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The Periodic Table

The periodic table is the arrangement of elements in a pattern that shows that elements with similar chemical properties appear at regular intervals or periods. As a result, elements in each vertical column have similar chemical properties and similar electronic configurations. Their atoms have the same number of electrons in their outermost shells.

Elements arranged horizontally have chemical properties which change from metallic on the left to non-metallic on the right. Moreover, the number of electrons in the outermost shells of their atoms increase progressively from left to right. The horizontal rows are known as periods.

Arrangement of electrons within the periods
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Elements in the same vertical column, called groups, have the same number of valence electrons in the outermost shells of their atoms. Elements in group I have one valence electron, those in group Il have two valence electrons and those in group III have three electrons in their outermost shells, etc. An example is the case of lithium, sodium and potassium that are similar and highly reactive metals; each has one electron in its outermost shell. They belong to group I. Fluorine and chlorine are similar and reactive non-metals with each of their atoms having seven electrons in their outermost shells. They belong to group VII. Helium, neon and argon are rare (or inert) gases. They have the same number of electrons in their outermost shells. They belong to group VIII.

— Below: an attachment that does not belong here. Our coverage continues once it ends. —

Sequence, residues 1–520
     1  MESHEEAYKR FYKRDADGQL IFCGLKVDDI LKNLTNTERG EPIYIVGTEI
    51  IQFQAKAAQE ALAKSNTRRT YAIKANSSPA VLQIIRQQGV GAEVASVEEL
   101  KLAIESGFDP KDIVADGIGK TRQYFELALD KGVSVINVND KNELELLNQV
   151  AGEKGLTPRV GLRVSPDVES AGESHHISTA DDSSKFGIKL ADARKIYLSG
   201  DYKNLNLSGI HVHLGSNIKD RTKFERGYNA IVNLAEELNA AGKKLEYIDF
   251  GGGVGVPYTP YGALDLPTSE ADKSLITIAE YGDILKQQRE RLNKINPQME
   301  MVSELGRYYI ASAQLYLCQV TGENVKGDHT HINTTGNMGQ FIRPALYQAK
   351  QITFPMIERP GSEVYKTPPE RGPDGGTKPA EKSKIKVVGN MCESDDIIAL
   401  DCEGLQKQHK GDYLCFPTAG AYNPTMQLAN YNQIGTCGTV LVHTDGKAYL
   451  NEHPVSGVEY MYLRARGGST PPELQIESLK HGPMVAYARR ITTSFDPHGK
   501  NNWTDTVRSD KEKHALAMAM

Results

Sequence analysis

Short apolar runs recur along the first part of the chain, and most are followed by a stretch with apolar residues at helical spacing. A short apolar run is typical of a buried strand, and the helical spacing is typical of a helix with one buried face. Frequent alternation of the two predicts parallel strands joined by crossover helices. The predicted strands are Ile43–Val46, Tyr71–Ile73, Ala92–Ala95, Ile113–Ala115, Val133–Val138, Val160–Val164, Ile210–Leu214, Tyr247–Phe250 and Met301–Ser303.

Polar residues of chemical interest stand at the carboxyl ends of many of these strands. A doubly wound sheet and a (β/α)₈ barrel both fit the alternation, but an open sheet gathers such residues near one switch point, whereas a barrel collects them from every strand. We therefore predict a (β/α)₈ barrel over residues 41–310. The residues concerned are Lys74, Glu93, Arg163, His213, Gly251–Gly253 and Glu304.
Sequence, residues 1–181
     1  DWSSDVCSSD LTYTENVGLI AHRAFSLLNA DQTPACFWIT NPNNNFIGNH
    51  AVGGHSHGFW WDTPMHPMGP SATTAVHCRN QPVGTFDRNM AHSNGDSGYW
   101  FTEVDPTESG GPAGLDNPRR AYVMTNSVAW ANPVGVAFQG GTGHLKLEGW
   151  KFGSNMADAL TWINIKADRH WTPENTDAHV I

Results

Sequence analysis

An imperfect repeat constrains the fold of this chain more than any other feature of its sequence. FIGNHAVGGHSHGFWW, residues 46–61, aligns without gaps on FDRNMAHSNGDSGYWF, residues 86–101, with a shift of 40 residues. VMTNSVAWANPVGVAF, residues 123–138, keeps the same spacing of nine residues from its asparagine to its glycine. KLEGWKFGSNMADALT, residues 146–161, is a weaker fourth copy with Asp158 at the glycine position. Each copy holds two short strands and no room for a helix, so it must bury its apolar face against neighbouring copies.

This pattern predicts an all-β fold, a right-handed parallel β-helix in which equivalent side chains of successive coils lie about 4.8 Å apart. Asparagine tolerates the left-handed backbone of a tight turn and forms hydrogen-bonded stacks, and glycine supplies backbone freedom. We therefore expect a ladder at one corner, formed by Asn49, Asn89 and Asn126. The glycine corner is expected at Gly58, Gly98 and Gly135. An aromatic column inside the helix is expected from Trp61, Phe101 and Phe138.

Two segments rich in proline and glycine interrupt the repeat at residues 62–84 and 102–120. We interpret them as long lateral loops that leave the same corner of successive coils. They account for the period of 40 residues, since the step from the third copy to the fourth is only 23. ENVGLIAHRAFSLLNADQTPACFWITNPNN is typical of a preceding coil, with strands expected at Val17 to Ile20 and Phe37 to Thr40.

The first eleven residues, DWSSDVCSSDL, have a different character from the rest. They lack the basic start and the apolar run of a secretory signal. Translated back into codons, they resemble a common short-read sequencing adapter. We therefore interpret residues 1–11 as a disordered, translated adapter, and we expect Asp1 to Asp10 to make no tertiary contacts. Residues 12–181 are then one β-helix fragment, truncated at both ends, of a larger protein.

These trends indicate that electrons in the outermost shells of atoms are probably the ones responsible for the chemical properties of elements.

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